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The Daily Wildcat

The Daily Wildcat


Bonano helping UA move on from miserable recent kicker history

Gordon Bates
Gordon Bates / Arizona Daily Wildcat

Dating back to 2010, during the infamous ‘Alex Zendejas era,’ Arizona’s kicking game has been in shambles. That fact was no more evident than when Zendejas cost the Wildcats their rivalry game against ASU when he missed two extra points. Now, with the strong-legged John Bonano in tow, Arizona might finally have found some stability at the position.

With a season under his belt, the relationship between Bonano and the Wildcats appears to be flourishing, a far cry from the Zendejas years, as Arizona prepares for Toledo this Saturday.

“That’s the number one thing you’re always looking for is experience,” said special teams coach Spencer Leftwich about kickers and punters.

“Now [they] don’t have those jitters and the kids know how to prepare,” Leftwich added. “They know what to expect. They’ve been in the ball game, they’ve been in pressure situations.”

After fully assuming the place kicker role in week six, Bonano went 8-for-12 on field goals, with a long of 47-yards.

“He doesn’t have to over-swing to get it there,” head coach Rich Rodriguez said. “He’s got a strong leg.”

The senior’s ability from long range was evident last season, and is a reason why he’s done kickoffs for Arizona since 2009. Bonano missed only one field goal from 30 to 49-yards but missed two inside 30-yards.

Also, he did miss his only attempt beyond 50-yards, but 22 touchbacks show he has the potential to kick it through the uprights from that range.

But more importantly, Bonano was a perfect 24-for-24 on extra points and hasn’t missed one in his career.

“I don’t think too much about them,” he said. “I just figure an extra point is a ‘gimme’, it should be a chip shot. So I don’t let the pressure get to me. I just keep my head down and kick it straight, and that’s all you need to do on those.”

Last year Zendejas and then-junior Jaime Salazar both missed extra points during their starts at place kicker. The failure to convert easy kicks made Wildcat fans restless, leading to booing at any mention of the name “Zendejas.” Bonano tries not to think about the pressure of pleasing the Tucson faithful.

“As a kicker you can’t think about (the pressure), you just have to go out and make every kick,” Bonano said. “But yeah the fans will get on you if you miss one. You just have to keep your head down and kick it through the uprights.”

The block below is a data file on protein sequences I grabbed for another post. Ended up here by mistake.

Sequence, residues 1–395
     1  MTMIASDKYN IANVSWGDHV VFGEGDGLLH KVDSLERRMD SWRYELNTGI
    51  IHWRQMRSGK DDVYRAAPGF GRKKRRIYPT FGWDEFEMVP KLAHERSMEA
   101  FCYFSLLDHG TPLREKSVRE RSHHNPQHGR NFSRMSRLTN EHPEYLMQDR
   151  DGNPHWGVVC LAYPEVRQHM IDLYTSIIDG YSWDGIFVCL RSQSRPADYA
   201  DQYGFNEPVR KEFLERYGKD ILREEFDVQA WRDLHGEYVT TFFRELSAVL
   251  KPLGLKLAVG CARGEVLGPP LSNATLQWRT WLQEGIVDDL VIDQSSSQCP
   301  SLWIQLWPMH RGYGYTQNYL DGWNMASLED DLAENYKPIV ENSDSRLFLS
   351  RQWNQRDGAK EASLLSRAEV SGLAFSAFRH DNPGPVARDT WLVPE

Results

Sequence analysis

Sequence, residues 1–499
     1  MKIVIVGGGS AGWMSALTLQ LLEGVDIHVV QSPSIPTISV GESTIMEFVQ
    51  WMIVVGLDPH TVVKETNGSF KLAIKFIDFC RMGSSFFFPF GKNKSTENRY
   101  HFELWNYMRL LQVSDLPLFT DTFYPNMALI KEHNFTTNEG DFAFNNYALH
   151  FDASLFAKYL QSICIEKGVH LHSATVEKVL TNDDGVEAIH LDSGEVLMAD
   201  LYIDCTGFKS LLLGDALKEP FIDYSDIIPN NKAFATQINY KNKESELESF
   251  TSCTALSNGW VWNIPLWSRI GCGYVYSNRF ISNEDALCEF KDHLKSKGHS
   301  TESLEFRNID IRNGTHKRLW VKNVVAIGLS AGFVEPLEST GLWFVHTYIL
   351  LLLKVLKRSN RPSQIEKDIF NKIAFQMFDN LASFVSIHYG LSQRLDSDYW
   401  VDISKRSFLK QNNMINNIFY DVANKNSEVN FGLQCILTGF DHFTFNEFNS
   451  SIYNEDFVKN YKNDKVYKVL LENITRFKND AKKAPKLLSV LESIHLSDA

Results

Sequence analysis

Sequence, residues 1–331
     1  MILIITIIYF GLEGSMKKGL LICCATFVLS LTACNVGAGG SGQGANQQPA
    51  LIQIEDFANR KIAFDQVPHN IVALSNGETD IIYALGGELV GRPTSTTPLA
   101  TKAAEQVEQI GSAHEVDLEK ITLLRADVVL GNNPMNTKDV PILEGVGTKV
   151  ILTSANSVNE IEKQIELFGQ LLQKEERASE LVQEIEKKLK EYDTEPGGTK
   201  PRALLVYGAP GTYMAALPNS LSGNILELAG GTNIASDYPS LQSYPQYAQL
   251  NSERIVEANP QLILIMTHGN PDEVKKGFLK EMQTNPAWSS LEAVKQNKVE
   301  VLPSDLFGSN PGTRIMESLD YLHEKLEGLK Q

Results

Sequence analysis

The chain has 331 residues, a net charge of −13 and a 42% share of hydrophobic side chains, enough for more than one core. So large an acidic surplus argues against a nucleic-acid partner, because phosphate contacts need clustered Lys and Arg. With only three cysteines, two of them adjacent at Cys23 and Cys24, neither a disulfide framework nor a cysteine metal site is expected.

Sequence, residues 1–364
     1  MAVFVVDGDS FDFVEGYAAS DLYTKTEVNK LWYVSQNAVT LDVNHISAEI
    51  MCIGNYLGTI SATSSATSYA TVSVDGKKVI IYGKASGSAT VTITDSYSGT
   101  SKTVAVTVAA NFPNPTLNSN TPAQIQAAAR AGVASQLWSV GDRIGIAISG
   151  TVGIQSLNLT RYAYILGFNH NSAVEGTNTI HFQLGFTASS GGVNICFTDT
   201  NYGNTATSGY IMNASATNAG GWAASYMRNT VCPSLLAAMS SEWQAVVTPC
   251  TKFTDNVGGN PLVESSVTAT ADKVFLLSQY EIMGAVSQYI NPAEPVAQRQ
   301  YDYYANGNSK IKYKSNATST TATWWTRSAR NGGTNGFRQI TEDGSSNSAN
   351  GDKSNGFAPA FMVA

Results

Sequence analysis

Rodriguez has stressed the importance of special teams in winning football games throughout fall camp.

“There’s no question for us right now, we’ve got to be able to make some plays in the special teams and be really solid there to have a chance,” Rodriguez said near the start of fall camp.

Having his presence during practice gives an added sense of urgency and pressure for the players, something an Arizona kicker has to get used to.

“[Rodriguez] is watching every kick I have, so it puts a little more pressure on me,” Bonano said. “And he’ll get on me when I miss one.”

Kickoff Changes Happening This Season

Even with the full-time role of place kicker securely locked up, Bonano will still handle his kickoff duties.

However, several rule changes have been made, in large part to keep the players safe.

The ball has been moved up from the 30-yard mark to now the 35-yard line, allowing for an increase in touchbacks and therefore a decrease in returns.

In an effort to sweeten the decision to take a touchback, teams will now start at the 25-yard line if they down the ball in the end zone on kickoffs, as opposed to the traditional 20-yard start.

Bonano said this has resulted in some discussions about purposely not kicking it deep enough for touchbacks so they could potentially take away some field position.

But sometimes safer is better, as Bonano said now he can consistently get touchbacks as long as there isn’t a strong wind in his face.

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